Dec 19, 2019

Enterprise mobility is changing - is your network ready?

The enterprise mobility world has evolved beyond the point of simple widespread mobile device use. Mobility strategies are becoming a foundational part of business models, with organizations building customer-facing and operational solutions to better meet the demands of mobile users. The result is an industry environment in which iterative innovation is becoming critical. As businesses continue to deepen their use of mobile solutions, they need to improve their networks, development capabilities and data center strategies to better meet the needs of mobile users.

Mobile operations have become the new normal in the workplace. Deloitte reported that approximately 70 percent of workers operate in roles that don't involve being tethered to a desk most of the time, and mobile devices are gaining momentum in empowering those employees to be more productive. Mobile devices are dominating people's personal lives, and the trend is starting to gain steam in the workplace as people use devices for a wide range of purposes. As this trend emerges, more workers are embracing work styles that are entirely mobile in nature, moving away from typical methods for getting the job done. As this development unfolds, technologies supporting mobility strategies are happening quickly.

While advances in enterprise mobility are happening in a variety of areas, a few standout places where innovation is occurring include:

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The rise of edge computing

Artificial intelligence has been gaining prominence as the ability to gather and analyze large quantities of data is becoming easier for business. With mobile devices functioning as data gathering tools for organizations, companies can easily feed AI systems large quantities of information to fuel machine learning platforms. In many cases, the strongest use cases for AI and machine learning are in applications that directly interact with end-users. As more enterprise employees embrace mobile devices and the varied operational strategies they allow for, the increased use of AI creates significant networking complexity.

Many AI and machine learning solutions depend heavily on near real-time communication. Data needs to be fed to the analytics application almost immediately so the AI system can analyze it and give end-users actionable takeaways they can use to work more efficiently. In some settings, such as human interactions with robots, data needs to get to AI systems in mobile apps in real-time. As more apps process and analyze data in the cloud, the amount of distance information has to travel to be used is problematic. Edge computing resolves this situation by putting small data centers closer to end-user work locations to better support work taking place in unconventional locations.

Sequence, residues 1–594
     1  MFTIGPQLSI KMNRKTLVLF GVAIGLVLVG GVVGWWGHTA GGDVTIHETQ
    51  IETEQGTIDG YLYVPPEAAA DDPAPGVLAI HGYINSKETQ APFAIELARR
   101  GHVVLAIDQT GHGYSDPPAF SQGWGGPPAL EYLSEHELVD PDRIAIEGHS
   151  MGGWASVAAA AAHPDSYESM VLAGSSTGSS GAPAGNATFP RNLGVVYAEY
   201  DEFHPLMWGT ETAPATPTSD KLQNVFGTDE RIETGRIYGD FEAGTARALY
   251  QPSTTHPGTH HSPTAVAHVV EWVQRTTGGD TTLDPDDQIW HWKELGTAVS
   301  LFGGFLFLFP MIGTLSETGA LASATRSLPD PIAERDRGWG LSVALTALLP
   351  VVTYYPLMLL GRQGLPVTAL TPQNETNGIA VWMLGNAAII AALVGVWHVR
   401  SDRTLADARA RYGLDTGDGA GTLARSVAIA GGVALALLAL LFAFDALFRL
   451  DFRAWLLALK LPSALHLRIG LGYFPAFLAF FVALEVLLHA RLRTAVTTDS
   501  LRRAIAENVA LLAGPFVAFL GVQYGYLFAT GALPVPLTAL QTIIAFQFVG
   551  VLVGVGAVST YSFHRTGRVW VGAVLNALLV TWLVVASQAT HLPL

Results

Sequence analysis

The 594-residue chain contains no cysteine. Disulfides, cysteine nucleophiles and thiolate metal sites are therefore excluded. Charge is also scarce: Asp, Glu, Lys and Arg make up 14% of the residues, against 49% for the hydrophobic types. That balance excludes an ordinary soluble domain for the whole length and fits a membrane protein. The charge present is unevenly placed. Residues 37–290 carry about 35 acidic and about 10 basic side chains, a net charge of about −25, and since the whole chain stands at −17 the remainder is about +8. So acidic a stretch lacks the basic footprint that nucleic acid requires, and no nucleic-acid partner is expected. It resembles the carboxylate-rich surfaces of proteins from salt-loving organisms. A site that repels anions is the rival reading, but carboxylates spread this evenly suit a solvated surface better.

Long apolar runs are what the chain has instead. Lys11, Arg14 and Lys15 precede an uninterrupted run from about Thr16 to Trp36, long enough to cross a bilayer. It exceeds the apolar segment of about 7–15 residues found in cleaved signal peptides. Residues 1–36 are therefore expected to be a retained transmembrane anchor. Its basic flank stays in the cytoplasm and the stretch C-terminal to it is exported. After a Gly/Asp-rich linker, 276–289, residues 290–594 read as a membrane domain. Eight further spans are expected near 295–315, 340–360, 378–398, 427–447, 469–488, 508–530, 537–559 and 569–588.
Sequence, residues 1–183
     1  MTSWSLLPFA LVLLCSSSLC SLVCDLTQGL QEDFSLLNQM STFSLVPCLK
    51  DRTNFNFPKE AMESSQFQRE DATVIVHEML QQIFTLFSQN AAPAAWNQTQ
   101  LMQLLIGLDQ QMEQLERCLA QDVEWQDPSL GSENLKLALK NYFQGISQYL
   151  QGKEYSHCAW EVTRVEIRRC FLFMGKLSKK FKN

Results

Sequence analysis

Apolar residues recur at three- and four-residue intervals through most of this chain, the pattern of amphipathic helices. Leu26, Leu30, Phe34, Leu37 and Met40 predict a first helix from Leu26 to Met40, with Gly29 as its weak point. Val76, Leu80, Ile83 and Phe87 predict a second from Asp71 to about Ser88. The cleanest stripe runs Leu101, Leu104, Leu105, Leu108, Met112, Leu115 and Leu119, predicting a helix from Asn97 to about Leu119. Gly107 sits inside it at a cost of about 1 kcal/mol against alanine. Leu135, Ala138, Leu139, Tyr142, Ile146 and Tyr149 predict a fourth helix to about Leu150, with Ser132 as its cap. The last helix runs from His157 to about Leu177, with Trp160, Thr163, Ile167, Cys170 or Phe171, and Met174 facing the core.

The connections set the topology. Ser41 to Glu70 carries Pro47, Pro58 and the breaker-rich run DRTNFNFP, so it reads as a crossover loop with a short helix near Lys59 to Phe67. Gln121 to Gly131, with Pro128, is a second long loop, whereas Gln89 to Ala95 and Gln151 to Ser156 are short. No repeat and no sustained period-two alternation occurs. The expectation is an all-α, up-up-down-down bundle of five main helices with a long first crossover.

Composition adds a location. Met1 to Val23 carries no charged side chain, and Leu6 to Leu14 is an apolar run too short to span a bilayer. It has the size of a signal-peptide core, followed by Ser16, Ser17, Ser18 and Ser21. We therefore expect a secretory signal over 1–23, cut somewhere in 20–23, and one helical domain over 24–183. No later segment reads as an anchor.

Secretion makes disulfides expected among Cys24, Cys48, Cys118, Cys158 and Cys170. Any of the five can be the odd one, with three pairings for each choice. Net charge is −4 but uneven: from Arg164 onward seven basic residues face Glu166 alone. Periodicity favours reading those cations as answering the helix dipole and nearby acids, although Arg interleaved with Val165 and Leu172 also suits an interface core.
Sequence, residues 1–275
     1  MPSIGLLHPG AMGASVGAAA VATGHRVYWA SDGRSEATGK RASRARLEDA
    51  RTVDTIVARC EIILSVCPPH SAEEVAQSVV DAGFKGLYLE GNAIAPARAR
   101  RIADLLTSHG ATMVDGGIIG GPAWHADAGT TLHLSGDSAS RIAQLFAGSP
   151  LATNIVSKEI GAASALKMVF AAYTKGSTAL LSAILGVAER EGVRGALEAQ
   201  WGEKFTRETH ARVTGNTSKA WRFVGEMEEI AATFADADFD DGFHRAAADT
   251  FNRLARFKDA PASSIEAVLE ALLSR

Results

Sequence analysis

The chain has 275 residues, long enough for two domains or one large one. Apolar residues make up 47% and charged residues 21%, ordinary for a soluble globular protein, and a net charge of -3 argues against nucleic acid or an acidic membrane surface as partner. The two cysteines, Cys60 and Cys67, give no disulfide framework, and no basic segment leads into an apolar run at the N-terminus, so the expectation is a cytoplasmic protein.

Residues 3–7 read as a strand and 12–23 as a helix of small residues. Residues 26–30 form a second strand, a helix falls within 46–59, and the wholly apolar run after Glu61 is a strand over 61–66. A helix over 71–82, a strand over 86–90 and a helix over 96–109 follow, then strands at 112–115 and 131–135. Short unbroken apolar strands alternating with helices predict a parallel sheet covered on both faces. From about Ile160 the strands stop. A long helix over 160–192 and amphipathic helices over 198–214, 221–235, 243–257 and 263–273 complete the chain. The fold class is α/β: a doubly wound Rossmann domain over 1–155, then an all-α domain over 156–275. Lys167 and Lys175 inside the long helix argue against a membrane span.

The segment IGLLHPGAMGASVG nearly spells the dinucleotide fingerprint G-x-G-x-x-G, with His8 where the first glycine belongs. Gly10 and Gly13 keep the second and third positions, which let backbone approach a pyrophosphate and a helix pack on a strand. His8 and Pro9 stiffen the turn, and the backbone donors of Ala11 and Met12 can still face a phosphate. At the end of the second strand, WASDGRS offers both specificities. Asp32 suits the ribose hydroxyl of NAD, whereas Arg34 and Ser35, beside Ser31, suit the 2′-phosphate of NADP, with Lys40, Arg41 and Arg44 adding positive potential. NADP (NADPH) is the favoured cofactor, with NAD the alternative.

Edge computing represents a key evolution in the mobile computing space. In essence, the apps and services being delivered to mobile devices are so powerful that localized wireless networks are needed to support operations. This is leading to growth in enterprise mobile network deployments. 

This is leading to growth in enterprise mobile network deployments. A Tangoe study found that edge computing is gaining momentum quickly in response to these needs.

The move to 5G

The growing move toward enterprise mobility is putting a strain on mobile network models, leading to a rapid move toward 5G connectivity options. The Tangoe study mentioned that, among Fortune 1000 business leaders, approximately two-thirds think consistent access to 5G connections will become an employee expectation as soon as 2020. The move to 5G is not only underway, it is accelerating. This is particularly evident as businesses work to expand connectivity into rural regions. On top of all this, organizations are also expected to embrace network-as-a-service models as 5G mobile networks become a key part of the enterprise connectivity toolset.

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The emergence of mobile-first businesses

Mobile devices are becoming such a normal part of the workplace that more individuals are getting the job done primarily from their smartphones. As a result, more businesses are embracing a mobile-first approach to operations. According to a ClearBridge Mobile study, businesses are changing work norms by taking on mobile-first operations that create a flexible, adaptable workforce. This comes in response to changing attitudes about the role of mobile devices in the office and the ability to work from any location.

A mobile-first approach to work changes network topologies and transforms how businesses move data between users. Instead of designing networks to gather data from the WAN into the office-based LAN and, in most cases, Wi-Fi, organizations need to move data to a wide range of sources. A distributed workforce makes ensuring quality app performance for mission-critical systems particularly challenging, and businesses often have to rethink how they design their networks to fully empower the mobile user.

Get more value from your network

Responding to mobile device use isn't as simple as building a giant mobile network. That isn't realistic. Instead, it's a matter of taking a purposeful, strategic approach to connectivity in which you blend network solutions depending on the operational challenges you are grappling with. Ventus can help you address network pain points through a variety of connectivity options that empower your teams to work more effectively when they go mobile.